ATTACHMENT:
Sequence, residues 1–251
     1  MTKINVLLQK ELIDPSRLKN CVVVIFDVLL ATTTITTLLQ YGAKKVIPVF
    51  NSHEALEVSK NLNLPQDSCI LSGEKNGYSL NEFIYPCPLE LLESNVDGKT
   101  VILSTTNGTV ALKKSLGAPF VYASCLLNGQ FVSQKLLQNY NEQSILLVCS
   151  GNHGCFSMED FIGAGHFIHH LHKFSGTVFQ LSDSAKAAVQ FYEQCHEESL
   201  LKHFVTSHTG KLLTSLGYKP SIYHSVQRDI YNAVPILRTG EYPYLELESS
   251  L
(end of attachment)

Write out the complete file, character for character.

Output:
Sequence, residues 1–251
     1  MTKINVLLQK ELIDPSRLKN CVVVIFDVLL ATTTITTLLQ YGAKKVIPVF
    51  NSHEALEVSK NLNLPQDSCI LSGEKNGYSL NEFIYPCPLE LLESNVDGKT
   101  VILSTTNGTV ALKKSLGAPF VYASCLLNGQ FVSQKLLQNY NEQSILLVCS
   151  GNHGCFSMED FIGAGHFIHH LHKFSGTVFQ LSDSAKAAVQ FYEQCHEESL
   201  LKHFVTSHTG KLLTSLGYKP SIYHSVQRDI YNAVPILRTG EYPYLELESS
   251  L